The head of the biggest London-listed gold producer has called for common reporting standards on environmental, social and governance performance in the mining sector, saying current methods of ESG scoring are often inconsistent, inaccurate and an exercise to “tick the boxes”.
Vitaly Nesis, chief executive of Polymetal, said fund managers were confronted with a “smorgasbord” of ESG ratings, many of which did not reflect reality.
“In the cases where you need to measure actual relationships with the workforce or the host communities . . . rating agencies frequently lack a robust analytical framework,” Mr Nesis told the Financial Times. “They just tick the boxes . . . on whether there is this policy on site, or whether this is this statistic provided.”
As big institutional investors focus more heavily on sustainability, a plethora of companies have started offering ESG scores. These include Sustainalytics and index providers such as MSCI, as well as credit rating agencies Moody’s and S&P Global.
However, it is not clear that metrics prepared by analysts sitting thousands of miles from operations provide an accurate reflection of a business’s ESG risks. This is particularly important for mining, which by nature involves altering the environment.
Industry consultants cite the example of Rio Tinto, which scored highly in metrics used by investors but was tipped into crisis by the destruction this year of two ancient Aboriginal rock shelters in Australia.
“We have many cases where investors are led to believe that a certain company is advanced in terms of ESG only to later discover that it’s not true,” said Mr Nesis.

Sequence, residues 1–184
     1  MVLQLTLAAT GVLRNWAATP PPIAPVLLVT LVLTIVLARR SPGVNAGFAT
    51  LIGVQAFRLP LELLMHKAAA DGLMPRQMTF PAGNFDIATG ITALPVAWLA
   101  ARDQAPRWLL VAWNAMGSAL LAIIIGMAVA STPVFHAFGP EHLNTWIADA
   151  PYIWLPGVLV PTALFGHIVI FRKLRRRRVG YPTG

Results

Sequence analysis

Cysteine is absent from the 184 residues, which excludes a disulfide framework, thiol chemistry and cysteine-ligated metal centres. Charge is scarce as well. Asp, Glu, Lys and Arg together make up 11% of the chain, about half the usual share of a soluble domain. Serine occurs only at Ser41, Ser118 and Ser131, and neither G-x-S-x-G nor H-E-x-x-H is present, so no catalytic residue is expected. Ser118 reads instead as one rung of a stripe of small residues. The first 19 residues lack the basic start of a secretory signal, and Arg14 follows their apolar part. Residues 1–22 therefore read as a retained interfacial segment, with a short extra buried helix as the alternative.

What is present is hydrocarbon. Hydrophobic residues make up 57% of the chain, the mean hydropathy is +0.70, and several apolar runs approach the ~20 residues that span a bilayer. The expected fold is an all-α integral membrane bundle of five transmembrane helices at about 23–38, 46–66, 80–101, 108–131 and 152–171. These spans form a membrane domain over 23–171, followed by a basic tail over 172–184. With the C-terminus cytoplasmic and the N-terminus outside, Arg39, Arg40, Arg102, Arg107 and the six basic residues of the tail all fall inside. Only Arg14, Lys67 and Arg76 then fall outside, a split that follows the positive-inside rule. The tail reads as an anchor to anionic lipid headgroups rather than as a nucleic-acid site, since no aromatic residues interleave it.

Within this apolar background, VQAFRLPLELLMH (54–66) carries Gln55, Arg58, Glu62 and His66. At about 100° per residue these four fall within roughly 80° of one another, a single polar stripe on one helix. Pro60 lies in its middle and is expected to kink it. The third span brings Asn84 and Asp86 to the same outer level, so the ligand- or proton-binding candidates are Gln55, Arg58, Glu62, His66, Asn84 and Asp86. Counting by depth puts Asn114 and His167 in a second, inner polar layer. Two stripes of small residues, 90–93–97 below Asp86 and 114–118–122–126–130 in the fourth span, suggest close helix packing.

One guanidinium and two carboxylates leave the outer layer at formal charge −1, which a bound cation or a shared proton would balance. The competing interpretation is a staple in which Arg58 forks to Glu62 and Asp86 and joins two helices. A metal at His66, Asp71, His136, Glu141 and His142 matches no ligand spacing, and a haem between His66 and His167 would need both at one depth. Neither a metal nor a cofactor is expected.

He added: “You can’t base your estimate of the relationship with the workforce, for example, on a self-reported employee satisfaction score. I know at least a couple of ESG score providers who do just that.”
Mr Nesis said the ESG investment drive would “benefit hugely” from a common set of rules similar to the International Financial Reporting Standards that allow investors to compare financial statements from companies around the world.
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“I’m not saying financial reporting is not without issues . . . but it is a reasonably uniform and reasonably reliable way for investors to make informed decisions without needing to invest a lot of time and money to obtain objective information,” he said.
Polymetal, which has a market value of £8.3bn, operates eight mines and a state of the art processing plant in Russia and Kazakhstan, and produced 1.6m ounces of gold last year. The company, which is a member of the FTSE 100 index, has won plaudits from investors for its approach to ESG and its focus on two jurisdictions.
It is often referred to as the “Russian Randgold”, a reference to the Africa-focused group that was the UK’s biggest gold miner for years until its takeover by Barrick in 2018.
Mr Nesis said Polymetal started to focus on ESG issues well before they became “fashionable” about three years ago.
“We realised very early on we needed to have constructive and cordial relationships with stakeholders on the ground,” he said. “Local communities are very worried about environmental issues, first and foremost water quality and availability but then also biodiversity and deforestation.”
In 2018 Polymetal became the first Russian company to join the Dow Jones Sustainability Index, and last year it obtained a sustainability-linked loan with Société Générale.
“I think good ESG performance will correlate positively with shareholder returns not short term but definitely longer term,” said Mr Nesis. “Over five to 10 years, good ESG performance will bear financial fruit.”